Maybe you’ll luck out and get the harvest in before these Sun Belt replacements flee for warmer weather. I’ve seen more cold, rainy, muddy seasons than not, so, statistically, I’m betting not. We still have a 100 percent effort to put out, even if you don’t get that extra 10 percent, so don’t blow it, growers. Don’t run off the best thing American Crystal Sugar Co. has ever had: an experienced, dependable, capable, hardy harvest work force.
Union: Stay together
Attention express workers not yet in the union and other Crystal employees: You don’t have to work for the company until the dispute is settled satisfactorily.
You may lose some pay now, but if you let American Crystal Sugar break the union, you will lose a lot more then. Your pay scale follows the union contract. Your rehire each season is based on union protocol. The company may threaten you with being fired, but without a union, they can do that any time anyway.
Right now, without a union negotiating wages for you, you are worth whatever the company wants to pay you (Minimum wage is $7.50 per hour.) You know how hard your job is and how hard you work; it is this union that has negotiated a better wage for you. (Note that piling crews are not well paid per hour. It’s the long, tough hours we work that add up.) You know what it’s like to work 12 hard hours one day and be sent home the next day cold and wet with just two hours of work because of rain. Without a union contract, labor laws only would guarantee overtime pay after a 40-hour work week. If you think for one second that Crystal Sugar is paying you after-hours overtime on those long days out of the goodness of their hearts, think again. That’s your union fighting on your behalf. So, you see, even those who are not actually in the union are benefiting, if by association and related jobs. The outstation piling sites are nonunion. The company might think it can pile all its beets while locking us out, I don’t think so. I think you workers know where to stand.
I say to those Crystal employees who work at those stations, or are called by Express Personnel to work there: Don’t go. Realize where your bread is buttered and do not go. Your pay and hours are based on union contract precedence. Honor that. Stay on the right side of the lockout line. We are locked out and cannot work in what appears to be a long-planned management strategy to break the union. You need to choose and take a stand. Make the right decision and do it with pride.
Stop by union headquarters, and ask what you can do to help. Tell them that you stand on the side of locked-out workers and the union who has supported you. (On Main Street in Crookston, and there’ll be one set up in each factory town).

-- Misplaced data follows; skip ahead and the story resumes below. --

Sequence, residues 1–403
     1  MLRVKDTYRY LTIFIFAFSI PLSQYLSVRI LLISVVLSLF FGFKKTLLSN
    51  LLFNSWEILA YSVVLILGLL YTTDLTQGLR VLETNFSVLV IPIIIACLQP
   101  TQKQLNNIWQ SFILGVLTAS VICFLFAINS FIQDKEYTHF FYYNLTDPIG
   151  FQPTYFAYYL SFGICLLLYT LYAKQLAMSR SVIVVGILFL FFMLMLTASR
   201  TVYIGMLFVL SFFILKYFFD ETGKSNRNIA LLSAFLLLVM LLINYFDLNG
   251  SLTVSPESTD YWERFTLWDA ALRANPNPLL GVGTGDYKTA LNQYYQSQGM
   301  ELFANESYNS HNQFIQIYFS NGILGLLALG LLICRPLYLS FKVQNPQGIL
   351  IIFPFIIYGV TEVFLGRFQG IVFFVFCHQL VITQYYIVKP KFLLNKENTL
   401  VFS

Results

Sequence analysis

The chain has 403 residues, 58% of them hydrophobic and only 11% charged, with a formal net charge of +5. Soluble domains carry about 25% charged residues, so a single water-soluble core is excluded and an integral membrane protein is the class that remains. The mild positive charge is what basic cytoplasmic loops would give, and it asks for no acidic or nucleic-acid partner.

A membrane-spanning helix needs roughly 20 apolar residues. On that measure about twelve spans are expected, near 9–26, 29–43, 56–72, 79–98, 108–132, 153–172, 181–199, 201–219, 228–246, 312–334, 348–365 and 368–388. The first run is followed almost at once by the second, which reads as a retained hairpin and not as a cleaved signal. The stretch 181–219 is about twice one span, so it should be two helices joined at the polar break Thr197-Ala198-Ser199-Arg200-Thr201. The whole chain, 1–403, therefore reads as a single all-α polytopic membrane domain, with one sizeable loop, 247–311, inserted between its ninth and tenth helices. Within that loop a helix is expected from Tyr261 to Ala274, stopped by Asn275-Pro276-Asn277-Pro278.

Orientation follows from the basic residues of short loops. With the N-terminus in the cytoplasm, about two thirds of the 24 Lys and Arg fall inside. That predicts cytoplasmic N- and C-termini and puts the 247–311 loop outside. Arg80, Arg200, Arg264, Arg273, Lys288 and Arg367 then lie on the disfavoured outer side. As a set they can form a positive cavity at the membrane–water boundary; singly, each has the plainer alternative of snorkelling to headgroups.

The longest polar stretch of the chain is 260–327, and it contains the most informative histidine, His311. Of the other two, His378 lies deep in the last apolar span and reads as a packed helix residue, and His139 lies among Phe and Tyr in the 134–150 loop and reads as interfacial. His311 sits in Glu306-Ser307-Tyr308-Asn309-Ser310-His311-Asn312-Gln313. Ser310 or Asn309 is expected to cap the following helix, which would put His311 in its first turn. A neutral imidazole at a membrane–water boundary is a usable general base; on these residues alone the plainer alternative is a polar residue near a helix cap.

In the coming days, we are likely to hear much about the woes of the beet farmer: the risk, the stress and how they are all our friends. You know you have worked hard, and they have not shared their good years with us. We are not overpaid for what we do. In 18 years, only once has anybody come by and said, “thank you.” Now they have locked us out of our jobs.
When I think of the huge investment in those growers’ fields, and then listen to the upper management guys with the expensive shoes talk, I have to wonder: Who does own this company?
Stand by me and the rest of the locked-out union harvest crew until this is settled satisfactorily. Don’t let this union break. No union, no harvest.
Best wishes to the rest of the Red River Valley. Without the union workers in your communities, whatever you do will be jeopardized. You do not want to see this union gone. These workers spend money with you.
Stop at union headquarters and ask for a sign for your business window. Show your support. Write to your government representatives.
In this day, it is critical that somebody is there on behalf of those doing the actual work in these large companies.
American Crystal Sugar Co. is doing a bad thing this time. I think the growers maybe have been caught unaware, trusting in their management team, advised by them and temporary hiring firms. How much will you lose if it all ends?
Editor’s Note: Kolling is a union beet piling yard supervisory foreman and currently is locked out.